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Bayer, Merck enter into a strategic pharma collaboration in the area of cardiovascular diseases

BY Michael Johnsen

LEVERKUSEN, Germany — In a related transaction to Tuesday morning’s acquisition of Merck’s OTC portfolio, Bayer also agreed to enter into a strategic pharma collaboration in the area of cardiovascular diseases with a focus on sGC modulation. 

There remains high medical need due to various diseases such as certain forms of pulmonary hypertension or heart failure. Novel modulators of the sGC pathway may have the potential to address this need. However, major development efforts and clinical programs are required to fully explore the benefits of these novel compounds. This collaboration brings together two leading companies in this field.

“Merck’s expertise and global presence in the cardiovascular therapeutic area make it a collaboration party of choice for our sGC programs,” stated Bayer CEO Marijn Dekkers. “We truly believe that this collaboration increases our chances of bringing new medicines to more patients, in line with Bayer’s mission ‘Science For A Better Life’”.

“We are now joining forces in the area of sGC modulation to implement a joint development and commercialization collaboration that allows both companies to better explore the medical potential of the novel sGC modulators,” commented Merck’s chairman and CEO Kenneth Frazier. 

The collaboration includes Adempas (riociguat), which is already approved for the treatment of certain classifications of pulmonary hypertension and is being developed in additional life cycle indications, as well as vericiguat, an investigational compound that is currently being developed in two Phase IIb studies in worsening chronic heart failure. Furthermore, the parties agreed that sGC modulators presently in earlier stages of research and development may be included in the collaboration.

Bayer and Merck will equally share costs and profits from the sGC modulators and implement a joint development and commercialization strategy. Bayer will lead the commercialization for Adempas in the Americas while Merck will lead the commercialization outside the Americas. For vericiguat and other potential investigational sGC modulators, Bayer will lead the commercialization outside the Americas while Merck will lead the commercialization in the Americas. Both companies will have the option to co-promote Adempas and the follow-on sGC modulators in each others’ territories. “This collaboration demonstrates our commitment to sGC modulators, allowing us to better explore the potential of these promising cardiovascular compounds,” Brandicourt said.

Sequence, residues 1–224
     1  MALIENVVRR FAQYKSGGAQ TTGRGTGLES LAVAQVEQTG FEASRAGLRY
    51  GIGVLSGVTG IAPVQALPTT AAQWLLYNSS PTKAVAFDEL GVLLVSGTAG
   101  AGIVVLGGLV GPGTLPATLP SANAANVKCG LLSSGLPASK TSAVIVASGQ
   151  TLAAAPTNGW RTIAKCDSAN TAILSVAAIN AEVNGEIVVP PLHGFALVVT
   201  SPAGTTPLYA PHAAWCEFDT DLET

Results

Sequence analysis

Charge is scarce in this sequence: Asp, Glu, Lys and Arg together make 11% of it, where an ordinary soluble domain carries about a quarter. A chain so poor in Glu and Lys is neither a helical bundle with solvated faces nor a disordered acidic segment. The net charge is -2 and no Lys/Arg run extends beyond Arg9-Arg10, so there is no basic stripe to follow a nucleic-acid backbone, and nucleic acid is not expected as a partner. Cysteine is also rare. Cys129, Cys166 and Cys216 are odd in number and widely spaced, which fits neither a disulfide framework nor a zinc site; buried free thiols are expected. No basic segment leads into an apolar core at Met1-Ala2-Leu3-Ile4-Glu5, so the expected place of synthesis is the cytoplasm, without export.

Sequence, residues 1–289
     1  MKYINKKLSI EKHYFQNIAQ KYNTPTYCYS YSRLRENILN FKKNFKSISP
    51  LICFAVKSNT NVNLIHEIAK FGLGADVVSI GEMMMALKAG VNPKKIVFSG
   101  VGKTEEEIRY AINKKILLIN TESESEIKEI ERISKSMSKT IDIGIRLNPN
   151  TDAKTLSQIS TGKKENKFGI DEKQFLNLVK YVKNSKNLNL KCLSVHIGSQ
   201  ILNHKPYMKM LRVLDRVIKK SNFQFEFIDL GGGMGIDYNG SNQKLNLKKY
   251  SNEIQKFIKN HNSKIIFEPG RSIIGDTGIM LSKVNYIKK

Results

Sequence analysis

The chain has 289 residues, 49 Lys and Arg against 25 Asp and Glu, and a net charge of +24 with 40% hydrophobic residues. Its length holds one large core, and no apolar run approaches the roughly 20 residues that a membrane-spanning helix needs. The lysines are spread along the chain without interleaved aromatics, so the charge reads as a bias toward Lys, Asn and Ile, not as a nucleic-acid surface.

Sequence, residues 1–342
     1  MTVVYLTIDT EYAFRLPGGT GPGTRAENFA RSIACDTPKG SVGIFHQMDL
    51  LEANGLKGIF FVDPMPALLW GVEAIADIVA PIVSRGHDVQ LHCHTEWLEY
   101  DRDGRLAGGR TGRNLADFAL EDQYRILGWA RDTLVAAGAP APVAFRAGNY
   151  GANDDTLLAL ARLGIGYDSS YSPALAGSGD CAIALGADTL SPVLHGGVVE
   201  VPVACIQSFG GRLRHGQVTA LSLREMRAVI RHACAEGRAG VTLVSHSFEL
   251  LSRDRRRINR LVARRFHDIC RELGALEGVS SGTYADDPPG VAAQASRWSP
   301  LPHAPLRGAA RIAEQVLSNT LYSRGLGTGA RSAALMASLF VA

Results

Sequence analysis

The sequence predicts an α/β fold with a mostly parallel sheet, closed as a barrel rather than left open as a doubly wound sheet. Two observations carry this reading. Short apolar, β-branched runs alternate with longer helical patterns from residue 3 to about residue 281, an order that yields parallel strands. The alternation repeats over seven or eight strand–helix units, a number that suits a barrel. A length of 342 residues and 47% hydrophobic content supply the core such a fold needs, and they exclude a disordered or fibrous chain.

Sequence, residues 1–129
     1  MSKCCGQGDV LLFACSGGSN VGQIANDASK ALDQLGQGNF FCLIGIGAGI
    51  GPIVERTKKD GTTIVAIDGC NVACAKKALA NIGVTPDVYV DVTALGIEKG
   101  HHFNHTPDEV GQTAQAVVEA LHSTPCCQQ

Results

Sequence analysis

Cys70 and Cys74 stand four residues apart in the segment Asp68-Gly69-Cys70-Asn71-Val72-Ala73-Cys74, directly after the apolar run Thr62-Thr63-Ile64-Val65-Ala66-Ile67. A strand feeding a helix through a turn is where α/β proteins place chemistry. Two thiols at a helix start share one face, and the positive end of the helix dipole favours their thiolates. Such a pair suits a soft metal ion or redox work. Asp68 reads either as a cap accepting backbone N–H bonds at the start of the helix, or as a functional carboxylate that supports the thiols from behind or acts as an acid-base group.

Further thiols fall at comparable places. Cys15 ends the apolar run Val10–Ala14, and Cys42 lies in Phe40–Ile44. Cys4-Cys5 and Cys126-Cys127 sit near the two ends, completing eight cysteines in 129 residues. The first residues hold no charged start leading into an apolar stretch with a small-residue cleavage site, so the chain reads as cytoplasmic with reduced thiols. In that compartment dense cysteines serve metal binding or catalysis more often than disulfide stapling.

Merck will make payments to Bayer of up to $2.1 billion, comprising an up-front payment of $1 billion and sales milestone payments of up to $1.1 billion related to future collective sales of certain collaboration compounds including Adempas. 

 

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Bayer acquires Merck’s OTC portfolio for $14.2 billion

BY Michael Johnsen

LEVERKUSEN, Germany — Bayer on Tuesday agreed to acquire the consumer care business of U.S. pharmaceutical company Merck for a purchase price of $14.2 billion. 

“This acquisition marks a major milestone on our path toward global leadership in the attractive nonprescription medicines business," stated Bayer CEO Marijn Dekkers. “At the same time we are leveraging our capabilities in the cardiovascular therapeutic area.” In a related transaction, Bayer has entered into a global co-development and co-commercialization agreement with Merck in the field of soluble guanylate cyclase modulators, for which Merck will make an up-front payment to Bayer of $1 billion, with substantial additional sales milestone payments.

The OTC acquisition will give Bayer the global No. 2 position in nonprescription products following recently announced consolidations in this growing healthcare industry segment, and will significantly enhance Bayer’s business across multiple therapeutic categories and geographies. Merck's consumer care business includes leading such brands as Claritin, Coppertone and Dr. Scholl’s. Pro forma sales of the combined businesses in 2013 amounted to $7.4 billion with Merck’s business contributing approximately $2.2 billion. “We are adding significant scope and earnings power to a business that is already delivering strong margins and stable cash flows,” added Dekkers. 

“With this transaction, we are acquiring leading product brands that will make Bayer the OTC leader in North America and Latin America and also move us into top global positions in key OTC product categories,” said Olivier Brandicourt, CEO of Bayer HealthCare. “The strong Bayer brand will help to further leverage the already successful product brands worldwide. We expect particularly strong growth in key countries outside the U.S. where our superior commercial presence will drive sales of the combined business.” 

Upon completion of the acquisition, Bayer is expected to achieve global leadership positions in dermatology and gastrointestinals and advance to the No. 2 position in the cold, allergy, sinus and flu category. Bayer will remain No. 2 in nutritionals and No. 3 in analgesics.